Wednesday, September 30, 2009

Updates: 'Up in the Air' and 'Brooklyn's Finest'

There have been a couple of release date changes as of today. First off, Jason Reitman's Up in the Air has been pushed back to a December release date. It's scheduled to open in limited release on December 4th, with an expansion on the 11th, and then open wide on December 25th. As of right now, the film looks like a major Oscar contender, particularly in the Best Picture and Best Actor categories. This is Reitman's third feature-length film and the early buzz indicates that it could be his best one yet.

The next piece of news regards Antoine Fuqua's Brooklyn's Finest. The film was recently picked up by Overture Films and its looks like they are backing up the release date until Spring 2010. Ethan Hawke, who also gave an Oscar-nominated supporting performance in Fuqua's Training Day, was largely considered as a dark horse in the Best Actor category. With a cast that also includes Richard Gere and Don Cheadle, and considering Fuqua's experience in the cop genre, this is definitely one to keep your eye on.

Full Metal Jacket is a surprisingly unfocused war effort from director Stanley Kubrick that virtually falls off the map after its brilliant opening act. The story is basically divided into two halves; if you can even call the second half a story. It’s a shame that Kubrick didn’t try to drag out the first half longer because that is truly filmmaking at its finest. To see the director in such an undisciplined light is very surprising.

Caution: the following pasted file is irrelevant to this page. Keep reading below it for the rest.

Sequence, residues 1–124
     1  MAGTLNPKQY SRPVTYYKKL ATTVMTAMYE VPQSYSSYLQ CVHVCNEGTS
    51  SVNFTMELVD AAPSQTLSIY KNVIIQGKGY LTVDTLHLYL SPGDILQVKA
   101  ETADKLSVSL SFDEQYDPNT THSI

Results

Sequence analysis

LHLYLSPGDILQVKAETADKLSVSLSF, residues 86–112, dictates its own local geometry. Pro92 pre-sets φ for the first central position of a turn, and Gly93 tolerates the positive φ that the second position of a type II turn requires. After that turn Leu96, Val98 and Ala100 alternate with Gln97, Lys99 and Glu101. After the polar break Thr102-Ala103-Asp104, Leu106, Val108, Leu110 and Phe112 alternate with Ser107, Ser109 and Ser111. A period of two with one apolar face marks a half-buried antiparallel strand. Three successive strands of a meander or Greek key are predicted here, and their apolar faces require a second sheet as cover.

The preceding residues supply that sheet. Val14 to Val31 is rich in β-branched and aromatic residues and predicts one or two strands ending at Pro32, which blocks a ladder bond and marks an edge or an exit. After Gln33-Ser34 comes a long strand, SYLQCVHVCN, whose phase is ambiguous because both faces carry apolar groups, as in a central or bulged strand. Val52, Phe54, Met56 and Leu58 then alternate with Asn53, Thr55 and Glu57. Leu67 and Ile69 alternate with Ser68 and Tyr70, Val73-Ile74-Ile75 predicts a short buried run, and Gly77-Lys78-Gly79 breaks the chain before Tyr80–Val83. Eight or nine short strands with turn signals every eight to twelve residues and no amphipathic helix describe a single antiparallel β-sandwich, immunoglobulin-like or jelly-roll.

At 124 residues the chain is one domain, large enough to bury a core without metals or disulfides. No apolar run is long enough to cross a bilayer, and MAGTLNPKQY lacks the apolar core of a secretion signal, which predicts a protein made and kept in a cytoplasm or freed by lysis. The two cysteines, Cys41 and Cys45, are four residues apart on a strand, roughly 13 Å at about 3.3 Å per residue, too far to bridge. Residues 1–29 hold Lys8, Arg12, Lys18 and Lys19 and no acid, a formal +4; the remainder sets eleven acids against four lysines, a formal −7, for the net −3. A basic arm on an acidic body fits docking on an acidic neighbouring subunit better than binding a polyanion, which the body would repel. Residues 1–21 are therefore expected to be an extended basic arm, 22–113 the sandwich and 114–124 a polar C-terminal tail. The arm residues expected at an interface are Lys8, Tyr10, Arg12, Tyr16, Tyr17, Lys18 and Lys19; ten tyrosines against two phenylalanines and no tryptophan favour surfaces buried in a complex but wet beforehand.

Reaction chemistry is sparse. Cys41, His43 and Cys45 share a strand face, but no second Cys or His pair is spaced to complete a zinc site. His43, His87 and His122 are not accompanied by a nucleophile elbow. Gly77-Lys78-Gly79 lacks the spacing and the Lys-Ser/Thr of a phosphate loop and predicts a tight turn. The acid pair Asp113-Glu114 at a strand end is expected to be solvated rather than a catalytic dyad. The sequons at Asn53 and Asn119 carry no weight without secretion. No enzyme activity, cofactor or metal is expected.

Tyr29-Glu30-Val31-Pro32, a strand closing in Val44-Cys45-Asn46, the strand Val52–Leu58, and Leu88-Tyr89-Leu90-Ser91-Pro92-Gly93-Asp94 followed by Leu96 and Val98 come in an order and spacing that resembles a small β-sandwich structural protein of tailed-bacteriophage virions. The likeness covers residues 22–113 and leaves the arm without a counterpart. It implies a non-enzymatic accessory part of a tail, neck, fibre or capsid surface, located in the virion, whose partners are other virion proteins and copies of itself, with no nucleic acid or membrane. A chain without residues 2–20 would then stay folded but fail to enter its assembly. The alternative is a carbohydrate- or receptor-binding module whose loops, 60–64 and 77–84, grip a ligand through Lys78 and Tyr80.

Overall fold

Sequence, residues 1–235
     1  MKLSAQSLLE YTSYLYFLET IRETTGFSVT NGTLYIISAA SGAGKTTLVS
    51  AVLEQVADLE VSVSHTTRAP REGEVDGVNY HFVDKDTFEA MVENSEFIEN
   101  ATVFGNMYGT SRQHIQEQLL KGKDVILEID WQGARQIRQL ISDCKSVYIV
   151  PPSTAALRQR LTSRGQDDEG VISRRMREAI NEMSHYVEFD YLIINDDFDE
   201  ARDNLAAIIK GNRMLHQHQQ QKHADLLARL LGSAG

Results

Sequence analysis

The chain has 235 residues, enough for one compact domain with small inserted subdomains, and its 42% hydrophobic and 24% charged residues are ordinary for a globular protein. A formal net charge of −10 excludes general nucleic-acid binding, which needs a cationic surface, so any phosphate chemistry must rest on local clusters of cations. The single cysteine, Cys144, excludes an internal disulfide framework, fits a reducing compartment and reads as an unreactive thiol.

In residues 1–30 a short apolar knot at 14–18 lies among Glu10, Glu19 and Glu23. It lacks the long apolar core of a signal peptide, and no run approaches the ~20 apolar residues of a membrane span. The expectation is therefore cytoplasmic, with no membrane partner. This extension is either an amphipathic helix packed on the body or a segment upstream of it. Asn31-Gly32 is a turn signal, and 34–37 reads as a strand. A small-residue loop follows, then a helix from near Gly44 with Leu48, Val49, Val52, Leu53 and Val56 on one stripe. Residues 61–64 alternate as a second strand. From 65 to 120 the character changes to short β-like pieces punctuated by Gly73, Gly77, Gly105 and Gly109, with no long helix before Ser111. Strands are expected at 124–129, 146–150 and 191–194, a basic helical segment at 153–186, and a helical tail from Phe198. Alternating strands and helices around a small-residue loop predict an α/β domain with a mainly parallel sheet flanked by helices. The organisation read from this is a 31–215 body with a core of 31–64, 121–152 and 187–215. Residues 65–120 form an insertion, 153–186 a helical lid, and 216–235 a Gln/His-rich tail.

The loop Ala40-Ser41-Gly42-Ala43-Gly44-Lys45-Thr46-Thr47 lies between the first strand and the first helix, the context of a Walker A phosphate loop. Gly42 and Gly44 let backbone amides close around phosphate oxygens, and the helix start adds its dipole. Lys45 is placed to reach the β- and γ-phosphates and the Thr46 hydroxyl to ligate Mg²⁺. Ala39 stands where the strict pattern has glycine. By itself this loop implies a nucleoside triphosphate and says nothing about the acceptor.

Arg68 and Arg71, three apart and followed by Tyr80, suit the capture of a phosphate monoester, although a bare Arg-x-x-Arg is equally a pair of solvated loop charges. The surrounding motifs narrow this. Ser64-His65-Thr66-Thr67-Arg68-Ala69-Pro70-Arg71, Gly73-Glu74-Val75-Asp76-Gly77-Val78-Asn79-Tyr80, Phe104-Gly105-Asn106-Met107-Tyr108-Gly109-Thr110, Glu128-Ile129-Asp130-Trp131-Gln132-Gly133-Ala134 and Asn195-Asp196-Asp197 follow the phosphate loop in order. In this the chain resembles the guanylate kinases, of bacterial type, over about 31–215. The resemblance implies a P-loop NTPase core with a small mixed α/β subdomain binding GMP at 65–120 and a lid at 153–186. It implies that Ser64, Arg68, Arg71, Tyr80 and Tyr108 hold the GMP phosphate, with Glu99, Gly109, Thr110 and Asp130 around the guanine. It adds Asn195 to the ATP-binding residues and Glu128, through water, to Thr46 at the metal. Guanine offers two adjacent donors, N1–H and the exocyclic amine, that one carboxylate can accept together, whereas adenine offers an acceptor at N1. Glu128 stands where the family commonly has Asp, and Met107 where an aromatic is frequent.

The movie opens with several promising recruits getting their heads shaved before they are shipped off to Parris Island to become Marines. R. Lee Ermey steals this movie with an unforgettable performance as the recruits’ drill instructor Gunnery Sergeant Hartman. The two main recruits of this film are the unsocial, overweight Pvt. Pyle (Vincent D’Onofrio) and his appointed mentor Joker (Matthew Modine).

Pyle has an incredibly rough time in boot camp as Hartman continuously hammers him for his obesity and inability to socialize. However, as time goes on, Pyle’s sessions with Joker begin to pay off and he starts to gain respect from his heartless commander. The performances of Ermey and D’Onofrio are easily the two most compelling in the film. Even though Hartman shows no character arc throughout his time in the film, Ermey brings him to life with a charismatic turn that could even be considered one of the best performances from a Kubrick film. D’Onofrio is also very good, but it is his character that makes his performance so interesting. Pyle shows a great amount of change throughout his time on screen and his transformation is what makes this first half so good.

When the film delves into its latter portion, it loses an incredible amount of steam. We basically start to follow Joker in his new squad, but there is really nothing interesting that happens. While Kubrick does shoot these second half war sequences with remarkable skill, they are dragged out and repeated for so long that it is only a matter of time before this film becomes tedious and boring.

Sometimes a director can be too in love with his style and his direction, and that is exactly what happens in this film. I felt like Kubrick completely abandoned his story in the second half just so he could put his name on a couple of war sequences. These scenes have absolutely no significance or power because we know squat about these characters. It brings in mind comparison to 2009’s The Hurt Locker because although that is primarily an action film, it contains three characters that are able to access our emotions so that we actually care what happens to them on the battlefield. Kubrick doesn’t go for any character development at all in his second half, and by the time the climax rolls around at the end, it feels like a theme that has been seen dozens of times before.